• Inflammation of the nerves in the pelvis
  • Holding in urine rather than going to the bathroom when the need strikes, which can stretch out and weaken the bladder
  • Trauma to the spinal cord
  • Chronic or repeated bacterial infections
  • Autoimmune disorders (IBS and fibromyalgia have been found to be linked to those who are also experiencing interstitial cystitis)
  • Pelvic floor weakness and dysfunction


Much like the causes, there is no singular cure or treatment for interstitial cystitis. Rather, there’s a wide range of potential treatments that may alleviate the symptoms of IC for these individuals. Some of the treatments that are employed for IC include:

  • Medications like antidepressants, anti-inflammatories, antihistamines, and pentosan polysulfate sodium
  • Bladder instillation (filling the bladder to reduce inflammation)
  • Bladder distention (stretching out the bladder to reduce the severity of IC symptoms)
  • Electrical nerve stimulation
  • Lifestyle changes (changes to diet, exercise, reducing stress, avoiding smoking)
  • Surgery

Bladder Cancer

Bladder cancer is a form of cancer that often affects the lining of the bladder, sometimes spreading to the kidneys and ureters. This type of cancer is relatively common and is often caught before it becomes more severe and impactful. That being said, it can come back, so it’s important to regularly screen for it and ensure that you’re updating your doctor with any symptoms that could be troubling.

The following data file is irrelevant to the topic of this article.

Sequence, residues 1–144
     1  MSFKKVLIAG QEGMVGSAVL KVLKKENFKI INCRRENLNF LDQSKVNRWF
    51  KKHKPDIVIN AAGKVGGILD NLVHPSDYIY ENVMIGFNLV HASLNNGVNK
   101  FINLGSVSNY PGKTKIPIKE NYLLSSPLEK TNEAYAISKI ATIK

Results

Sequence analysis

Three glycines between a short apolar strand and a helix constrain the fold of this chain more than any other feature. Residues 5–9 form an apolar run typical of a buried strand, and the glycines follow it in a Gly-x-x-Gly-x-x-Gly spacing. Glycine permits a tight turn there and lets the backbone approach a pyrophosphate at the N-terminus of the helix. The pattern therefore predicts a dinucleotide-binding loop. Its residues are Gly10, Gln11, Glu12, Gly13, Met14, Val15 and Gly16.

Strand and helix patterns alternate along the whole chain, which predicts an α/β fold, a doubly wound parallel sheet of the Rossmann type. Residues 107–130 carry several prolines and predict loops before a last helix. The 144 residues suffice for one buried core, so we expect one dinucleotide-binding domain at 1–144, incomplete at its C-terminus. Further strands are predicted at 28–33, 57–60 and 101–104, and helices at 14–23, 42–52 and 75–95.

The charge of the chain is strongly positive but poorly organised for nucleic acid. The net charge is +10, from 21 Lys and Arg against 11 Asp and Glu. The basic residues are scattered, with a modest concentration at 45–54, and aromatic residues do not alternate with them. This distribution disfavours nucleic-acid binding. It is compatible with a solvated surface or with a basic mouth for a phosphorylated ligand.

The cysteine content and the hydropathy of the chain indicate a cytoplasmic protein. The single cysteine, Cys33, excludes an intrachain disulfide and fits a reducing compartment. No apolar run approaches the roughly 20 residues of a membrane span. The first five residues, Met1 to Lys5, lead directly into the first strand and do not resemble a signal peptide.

Signs and symptoms of bladder cancer include:

  • Pain during urination
  • More frequent urination
  • Pain in the lower back
  • Blood in the urine
  • Difficulty urinating


Cancer is caused by abnormal changes in cell development. While there are several types of cancer cells that can be present in bladder cancer, the most common is urothelial carcinoma (urothelial cells are the cells responsible for helping your bladder expand when it’s full and contract when it’s empty).


Surgery may be pursued in order to remove cancer cells. However, if you have high-risk bladder cancer or you aren’t able to receive surgery, you might receive treatments like bladder chemotherapy, whole-body chemotherapy, radiation therapy, or targeted therapy. Your doctor might even recommend pursuing several types of treatment options in order to effectively rid you of your bladder cancer and give you the best chances of avoiding its development later on in life.

Start Your Journey Here With Lake City PT

While you will need medications or other treatments for specific symptoms of pelvic pain, other symptoms of causes of these conditions like pelvic floor weakness and dysfunction can be treated through certain types of physical therapy. Fortunately, if pelvic floor weakness and dysfunction are causing you pain and discomfort during sex or urination, there is help out there for you! Lake City PT is here to help you experience a better quality of life with our pelvic floor physical therapy that employs new technologies, provides you with holistic treatment, and gives you the education you need to be confident moving forward. Contact us by phone at (509) 891-2623 or via our online form to learn how we can support you!